The expansion of NATO has been hotly debated by American conservatives. As a conservative Catholic Pole living in Poland, I am obviously interested in this debate, not least because Poland and America are part of the same civilization. Any matter of importance to either nation has to be seen within a wider context of the cultural and civilizational challenges faced by the West.

Clearly, One-Worldism—the unholy quest for power around the globe by the anti-Christian managerial elite—has to be stopped. American conservatives, most notably in Chronicles, have shown that this dangerous ideology aims at replacing Christianity with the totalitarian Utopia of liberal democracy. Some of them—such as Samuel Francis—even sketch a long-term strategy for recapturing America from the managerial establishment. But the basis for their opposition to NATO enlargement is more problematic.

Six years ago, watching Pat Buchanan’s campaign for the Republican nomination, I thought his “isolationism” was a proper cure for American imperialism. Moreover, I considered America’s withdrawal from Europe to be healthy for a continent corrupted to the core. Regardless of whatever dangers this would pose to Poland and to my family, I saw the American withdrawal as necessary for re-Christianizing the West. (Of course, “isolationism” was to be accompanied by the abolition of the welfare-warfare state in America, and a renewed interest in a strict constructionist view of the Constitution.)

But nothing like this happened. Conservatives proved incapable of (or uninterested in) changing the status quo. These same “conservatives,” in a moralizing tone, then protest the expansion of NATO to Poland, the Czech Republic, Slovakia, and Hungary. But their opposition is based on a misreading of Russia, both past and present. They believe Russian wrongdoings stem from an unfair distrust of Russia. They allow for some nationalistic, anti-Western, and militaristic tendencies in the Russian bear, but their Russia is an essentially benign, stable, and trustworthy country with strong and vivid cultural ties to Christianity. The problem with this is that such a Russia ceased to exist in the early 13th century, when it was conquered by Mongols. True, the Khans’ rule was abolished at the end of the 15th century and, thank God, both the Slavic language and the Orthodox Church survived. Unfortunately, the subjugation of the individual and of the Church to the Mongol-style political, social, and economic order took hold and continues to this day. How can American conservatives and moralists ignore the Russian imperialism of the last centuries?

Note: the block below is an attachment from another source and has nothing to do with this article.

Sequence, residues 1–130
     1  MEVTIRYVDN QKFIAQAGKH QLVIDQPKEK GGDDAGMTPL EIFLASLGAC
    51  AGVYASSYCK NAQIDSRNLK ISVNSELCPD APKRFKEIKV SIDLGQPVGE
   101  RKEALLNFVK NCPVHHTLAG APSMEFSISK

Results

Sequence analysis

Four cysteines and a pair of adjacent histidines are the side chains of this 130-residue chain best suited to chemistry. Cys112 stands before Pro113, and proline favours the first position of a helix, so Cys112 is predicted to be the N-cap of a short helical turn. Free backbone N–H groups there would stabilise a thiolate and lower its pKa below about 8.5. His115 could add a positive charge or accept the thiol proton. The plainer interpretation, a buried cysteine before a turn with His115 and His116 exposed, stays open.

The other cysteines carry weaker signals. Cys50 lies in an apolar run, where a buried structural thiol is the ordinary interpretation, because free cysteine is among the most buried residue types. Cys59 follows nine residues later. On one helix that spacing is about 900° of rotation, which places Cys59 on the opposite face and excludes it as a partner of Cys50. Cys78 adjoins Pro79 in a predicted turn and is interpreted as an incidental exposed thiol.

Of course, a peaceful cooperation with Russia would be welcome. Cooperation is needed, but an unthoughtful appeasement is the worst possible strategy to help Russia rejoin the West. And more time is needed to see that the long period of Russian imperialism is over. NATO expansion (with more Eastern European countries admitted in the future), perhaps followed by NATO’s dissolution when the new Russia proves stable and trustworthy, could bring Russia back into the European fold while stabilizing foreign affairs for everyone in the process. In fact, it is one of the necessary conditions of rebuilding the true unity of Europe—East and West—and rediscovering its common roots and cultural and religious heritage. To think that this laudable aim can be achieved by leaving Warsaw, Prague, and Budapest defenseless is preposterous.

Admittedly, whatever the needs of Warsaw, Prague, and Budapest, it does not follow that it is the United States’ responsibility to meet them. Indeed, the only legitimate objection to NATO expansion is that it’s not an issue for America: Poles, not Americans, should die for Poland. But if this is so, why doesn’t America disengage from Europe entirely? Because this is not happening, the refusal to admit Poland, the Czech Republic, and Hungary into NATO can only be seen as the abandonment of these countries to an historically aggressive neighbor.

I neither know nor have the right to deliberate on whether America should help my region, though I personally would consider it a blessing. Only America can decide this. Whether she is still capable (and willing) to think in terms of a wider family of Christian nations, only time will tell.